Swim Drills to improve your feel for the water
Updated: Sep 12
Swim drills play some part, somewhere, in the development of a better swim stoke. Whether they are required at a higher level once you have your swimming to a 'front pack' is a point always up for debate. You cant argue that working on your stroke at some capacity year round though is vital.
What’s the session?
This session is based around sensory awareness of your hands and hand position in the water. There are of course many drills associated with learning a better ‘feel’ for the water but this is one we have used to great effect as a progression session.
The “Main set” is as follows;
4 x 50m Close Fists (Both Hands) – 10secs Rest
4 x 50m Close Fists with little finger only extended – 10secs Rest
4 x 50m Close Fists with ring finger and little finger extended – 10secs Rest
4 x 50m Close Fists with middle finger, ring finger and little finger extended – 10secs Rest
4 x 50m Close Fists with four fingers (Not your thumb) extended – 10secs Rest
4 x 50m Freestyle as; (25m Easy | 25m Build to 80% of Maximal Effort) – 10secs Rest
4 x 50m Freestyle Paddles as (25m Strong & Smooth – 25m Hard) – 10secs Rest
Who’s it most appropriate for?
This is appropriate for anyone looking to learn how different body parts in swimming contribute to your propulsion in the water.
When could I use it and how could I apply it?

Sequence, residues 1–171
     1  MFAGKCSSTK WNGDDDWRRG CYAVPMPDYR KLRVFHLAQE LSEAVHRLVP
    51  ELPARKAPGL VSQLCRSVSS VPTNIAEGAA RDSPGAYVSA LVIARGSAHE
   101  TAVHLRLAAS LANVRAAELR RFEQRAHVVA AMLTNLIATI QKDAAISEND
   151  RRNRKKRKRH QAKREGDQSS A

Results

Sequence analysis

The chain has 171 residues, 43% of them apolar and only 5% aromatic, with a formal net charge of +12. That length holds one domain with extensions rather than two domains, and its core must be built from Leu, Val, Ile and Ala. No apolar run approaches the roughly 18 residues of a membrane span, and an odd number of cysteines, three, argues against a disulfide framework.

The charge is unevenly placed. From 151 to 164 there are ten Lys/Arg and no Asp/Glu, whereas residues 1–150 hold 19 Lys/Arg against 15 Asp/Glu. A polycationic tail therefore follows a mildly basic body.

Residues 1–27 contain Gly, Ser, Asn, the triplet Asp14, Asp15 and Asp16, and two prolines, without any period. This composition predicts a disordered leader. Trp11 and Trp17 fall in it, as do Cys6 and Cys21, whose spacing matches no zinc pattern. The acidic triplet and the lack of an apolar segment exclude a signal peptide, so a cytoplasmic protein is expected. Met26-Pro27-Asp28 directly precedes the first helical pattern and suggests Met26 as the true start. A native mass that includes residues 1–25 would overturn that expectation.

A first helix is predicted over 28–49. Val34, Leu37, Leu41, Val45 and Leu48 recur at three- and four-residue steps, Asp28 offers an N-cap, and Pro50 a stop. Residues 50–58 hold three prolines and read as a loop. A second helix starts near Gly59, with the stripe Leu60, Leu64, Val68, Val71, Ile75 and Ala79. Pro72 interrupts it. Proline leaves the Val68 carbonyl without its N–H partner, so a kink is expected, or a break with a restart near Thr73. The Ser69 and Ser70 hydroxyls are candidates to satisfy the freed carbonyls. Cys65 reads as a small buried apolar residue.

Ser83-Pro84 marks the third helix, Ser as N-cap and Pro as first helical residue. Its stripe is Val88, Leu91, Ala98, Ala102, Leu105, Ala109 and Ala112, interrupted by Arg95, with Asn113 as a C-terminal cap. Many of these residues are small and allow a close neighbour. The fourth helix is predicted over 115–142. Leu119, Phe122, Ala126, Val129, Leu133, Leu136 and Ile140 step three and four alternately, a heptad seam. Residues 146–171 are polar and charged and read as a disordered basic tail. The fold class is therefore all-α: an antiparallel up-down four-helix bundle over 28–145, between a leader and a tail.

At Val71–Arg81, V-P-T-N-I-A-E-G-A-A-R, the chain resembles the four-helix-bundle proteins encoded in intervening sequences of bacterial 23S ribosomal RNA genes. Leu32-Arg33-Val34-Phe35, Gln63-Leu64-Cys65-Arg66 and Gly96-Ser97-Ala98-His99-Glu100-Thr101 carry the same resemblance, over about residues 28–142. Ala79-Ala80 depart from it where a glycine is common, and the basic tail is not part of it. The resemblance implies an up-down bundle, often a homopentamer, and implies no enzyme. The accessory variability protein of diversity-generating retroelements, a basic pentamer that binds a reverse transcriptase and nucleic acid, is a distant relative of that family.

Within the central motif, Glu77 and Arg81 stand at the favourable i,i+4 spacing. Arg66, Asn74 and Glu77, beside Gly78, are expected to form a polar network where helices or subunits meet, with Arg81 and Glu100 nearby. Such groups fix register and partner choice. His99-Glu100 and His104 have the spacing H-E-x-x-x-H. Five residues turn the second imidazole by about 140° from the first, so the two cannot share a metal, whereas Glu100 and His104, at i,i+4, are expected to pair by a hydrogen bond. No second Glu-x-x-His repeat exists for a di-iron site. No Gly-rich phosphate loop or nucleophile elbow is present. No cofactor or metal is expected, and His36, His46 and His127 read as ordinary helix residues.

It can be implemented all year round on an easy day or as part of a long warm up. With improving stroke awareness the goal of the set, focus should not be on holding a time cycle but allowing enough time for recovery to get each rep technically correct. The overall goal of this set is to become more aware of what body part can contribute to what movement and to gradually increase the feel for the water over the course of the set. Swimming can be dumbed down to “Place, Press, Push” which I don’t disagree with at all, but there is value in learning how to move and manipulate the water more efficiently. In swimming, greater efficiency leads to greater speed.
What’s the progression leading into it and on from it?
The best way to start is to progress doing 50’s but doing the first 12.5m as the drill and the remainder as ‘freestyle’. As you get better at holding technique progress to 25m, 37.5m and then 50m. You can then also progress to a time cycle if that works. To make the set more difficult you can also apply with; Band Only, Bands + Paddles, Bands + Pull Buoys (Ankles), Bands + Pull Buoys (Normal).
Athlete choosing to utilize these sessions, do so at their own risk. You agree to assume the risks of such training, and further agree to hold harmless Jarrod Evans & Triathlon Gold from any and all claims, suits, losses, and/or related causes of actions and damages, including, but not limited to, such claims that may result from my injury or death, accidental or otherwise, during or arising in any way from copying and or implementing these session suggestions. These session concepts have either been created from scratch by Jarrod Evans and or adapted from existing workouts from other athletes and coaches over the last 25years.